What happens to our adopted child/children should we divorce?
Nov 10, 2017
Separation is never easy or painless. But where a divorcing couple has children, that extra dimension adds extra layers of complexity.
The same considerations apply to adopted children as to natural children; there’s no difference there. Parents, lawyers and, if it comes to it, the courts should be at pains to protect children’s best interests. And that will be the major influence in the decision about where the children should live, and the arrangements for spending time with their other parent. Adults are encouraged to try and reach agreement on these types of issues between themselves, but for various reasons that is often not possible – and it’s then that the legal system steps in and makes the important decisions that allow families to move on.
There is one significant additional consideration where an adopted child is concerned. It’s context. Every child of divorcing parents will be vulnerable to insecurities, and they’ll need to be shown plenty of love and reassurance as the process runs its course. But an adopted child may well already have gone through a difficult period, so there could be different challenges when it comes to their feelings that they have lost the secure family structure that had promised so much. They may blame themselves for the split. And past feelings of rejection could be reignited.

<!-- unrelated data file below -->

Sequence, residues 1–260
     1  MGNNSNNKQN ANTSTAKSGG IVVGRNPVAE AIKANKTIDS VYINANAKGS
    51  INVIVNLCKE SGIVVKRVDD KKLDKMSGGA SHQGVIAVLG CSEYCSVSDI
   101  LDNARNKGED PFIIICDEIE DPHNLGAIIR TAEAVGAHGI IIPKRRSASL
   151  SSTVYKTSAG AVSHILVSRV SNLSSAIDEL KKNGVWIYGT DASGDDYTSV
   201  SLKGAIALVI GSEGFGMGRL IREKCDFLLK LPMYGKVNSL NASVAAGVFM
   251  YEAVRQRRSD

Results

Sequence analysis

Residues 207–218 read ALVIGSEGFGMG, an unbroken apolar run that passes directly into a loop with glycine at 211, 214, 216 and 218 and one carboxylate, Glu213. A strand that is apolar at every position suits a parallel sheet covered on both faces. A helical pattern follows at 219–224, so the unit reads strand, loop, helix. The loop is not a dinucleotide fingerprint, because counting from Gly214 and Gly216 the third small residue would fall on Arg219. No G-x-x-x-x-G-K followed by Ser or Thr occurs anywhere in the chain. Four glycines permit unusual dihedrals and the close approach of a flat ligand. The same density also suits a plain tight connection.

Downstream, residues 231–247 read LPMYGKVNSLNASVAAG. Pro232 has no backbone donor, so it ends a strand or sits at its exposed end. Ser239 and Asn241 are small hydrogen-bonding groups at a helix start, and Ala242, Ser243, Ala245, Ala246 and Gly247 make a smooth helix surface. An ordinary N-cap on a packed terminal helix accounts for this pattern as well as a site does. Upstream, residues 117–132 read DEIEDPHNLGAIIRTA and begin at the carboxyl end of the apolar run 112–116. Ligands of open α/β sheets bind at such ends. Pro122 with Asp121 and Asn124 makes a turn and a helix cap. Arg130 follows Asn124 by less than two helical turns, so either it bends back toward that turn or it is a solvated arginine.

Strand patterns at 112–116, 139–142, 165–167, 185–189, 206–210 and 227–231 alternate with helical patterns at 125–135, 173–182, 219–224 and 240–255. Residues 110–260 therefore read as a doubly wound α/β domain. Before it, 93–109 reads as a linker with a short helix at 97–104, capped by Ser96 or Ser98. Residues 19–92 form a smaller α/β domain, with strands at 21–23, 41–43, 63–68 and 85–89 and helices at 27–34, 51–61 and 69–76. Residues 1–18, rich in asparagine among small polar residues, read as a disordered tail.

Of course, all children need to be protected as best as possible from the negative effects of divorce. And parents, working together in their children’s interests, have the power to do this. It’s the first piece of advice we give our clients: try the amicable route; be as co-operative as you can be. It doesn’t mean that you’ll end up with a bad deal. On the contrary, it can pave the way for a healthy on-going relationship. Because, after all, your children will to some extent unite you for the rest of your lives.
Our second piece of advice is to understand exactly what divorce will mean for you, your spouse, and your children. It’s tough. You’ll have to share your parenting duties in a way that won’t always make you happy. But few parents emerge from this regretting their decision to move on separately.
Our third piece of advice is this: do it properly. Negotiate the right arrangements; formalise your agreements; take the right legal steps that protect you and your children.
Our family law specialists can help. Call our specialist family team on 01264 353411, email: email@example.com or fill in our no obligation, online enquiry form and we will be in touch shortly.
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